Best imitation of Texan player Nolan Ryan: Similar to Ryan, St. George Sen. Steve Urquhart is famous for a charming Texan drawl and fast insightful hard balls in debates.
Best slide: The Prison Relocation and Development Authority (PRADA-interesting acronym for a correctional facility) will initiate the process to move the Draper prison. At the bottom of the ninth inning on the last day, PRADA was stuck on third base. But after a contentious conference committee, it slid into home and was called safe.
The Moneyball Managers: Budget co-chairs Sen. Lyle Hillyard and Rep. Mel Brown ran the numbers, calculated the odds and balanced the state budget despite federal funding uncertainty.
Senate President Wayne Niederhauser played the role of League Commissioner with his cool calm demeanor.
"The Sandlot": The House, with unprecedented numbers of freshman representatives, fostered comments from observers "Wow he's young!" and "What's his name again?"
Strike-out: Utah is the second most arid state in the country, so the mechanics of water are important to agriculture, industry and government. Daily high-pitched and emotional debates among farmers, lawyers, governments and others dominated discussions in committees, in the hallways and on occasion — in bathrooms. The ultimate result was always in question until the last day when the legislation failed in conference committee.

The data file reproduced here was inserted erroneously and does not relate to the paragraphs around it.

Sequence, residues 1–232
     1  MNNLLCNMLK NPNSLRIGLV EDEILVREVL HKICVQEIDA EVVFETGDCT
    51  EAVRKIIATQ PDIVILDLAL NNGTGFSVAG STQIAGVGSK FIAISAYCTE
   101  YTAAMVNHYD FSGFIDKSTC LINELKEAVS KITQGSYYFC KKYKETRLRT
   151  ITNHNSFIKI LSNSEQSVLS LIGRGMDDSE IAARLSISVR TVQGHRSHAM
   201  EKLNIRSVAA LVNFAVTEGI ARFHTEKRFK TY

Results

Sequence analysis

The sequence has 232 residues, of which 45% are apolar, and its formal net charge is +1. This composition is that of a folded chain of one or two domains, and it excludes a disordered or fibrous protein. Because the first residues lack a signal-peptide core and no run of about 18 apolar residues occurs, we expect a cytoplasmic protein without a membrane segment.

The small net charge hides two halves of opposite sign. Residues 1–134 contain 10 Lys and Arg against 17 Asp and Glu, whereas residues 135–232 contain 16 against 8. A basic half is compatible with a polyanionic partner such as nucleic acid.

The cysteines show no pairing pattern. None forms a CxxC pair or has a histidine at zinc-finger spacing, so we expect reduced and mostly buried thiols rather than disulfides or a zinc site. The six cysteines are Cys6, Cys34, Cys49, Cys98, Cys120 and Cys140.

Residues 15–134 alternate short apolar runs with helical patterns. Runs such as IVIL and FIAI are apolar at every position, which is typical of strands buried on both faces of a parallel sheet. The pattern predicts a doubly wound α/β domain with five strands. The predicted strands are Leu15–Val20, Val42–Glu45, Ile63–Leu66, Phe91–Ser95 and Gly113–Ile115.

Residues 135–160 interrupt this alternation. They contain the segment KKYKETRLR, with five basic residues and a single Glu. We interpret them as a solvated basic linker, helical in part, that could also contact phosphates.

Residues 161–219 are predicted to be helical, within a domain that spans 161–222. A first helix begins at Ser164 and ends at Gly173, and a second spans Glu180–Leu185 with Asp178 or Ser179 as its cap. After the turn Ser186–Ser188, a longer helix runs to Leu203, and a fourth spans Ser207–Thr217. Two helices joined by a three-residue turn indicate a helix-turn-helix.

Last inning relief pitcher: The state's largest water rights holder, The LDS Church, weighed in at the very last minute on the issue, causing temporary consternation. (Apparently they were distracted by another liquid issue-alcohol)
Double-play: Rep. Greg Hughes grabbed the attention of the media and political underworld with two bills that blew open anonymous campaign activities.
Phantom ballplayers: The ghosts of the attorney general and federal investigators were invisible but felt.
Trapped runner: The Medicaid Office of Inspector General succeeded in recapturing overpayments through his audit activities. But this year the OIG was unwittingly caught in a political struggle between legislators and the governor's office, with added prodding from providers upset at audit results. He made it to second base … barely.
Coach of the year: Utah Medical Association CEO Michele McOmber deftly maneuvered the election of four physicians who possess a great bedside manner: Reps. Michael Kennedy, Edward Redd, Stuart Barlow and Shiozawa. This crew caught many fly balls defending their profession.
Republican LaVarr Webb is a political consultant and lobbyist. Previously he was policy deputy to Gov. Mike Leavitt and Deseret News managing editor. Email: firstname.lastname@example.org. Democrat Frank Pignanelli is a Salt Lake attorney, lobbyist and political adviser. Pignanelli served 10 years in the Utah House of Representatives, six years as minority leader. His spouse, D'Arcy Dixon Pignanelli, is a state tax commissioner. Email: email@example.com.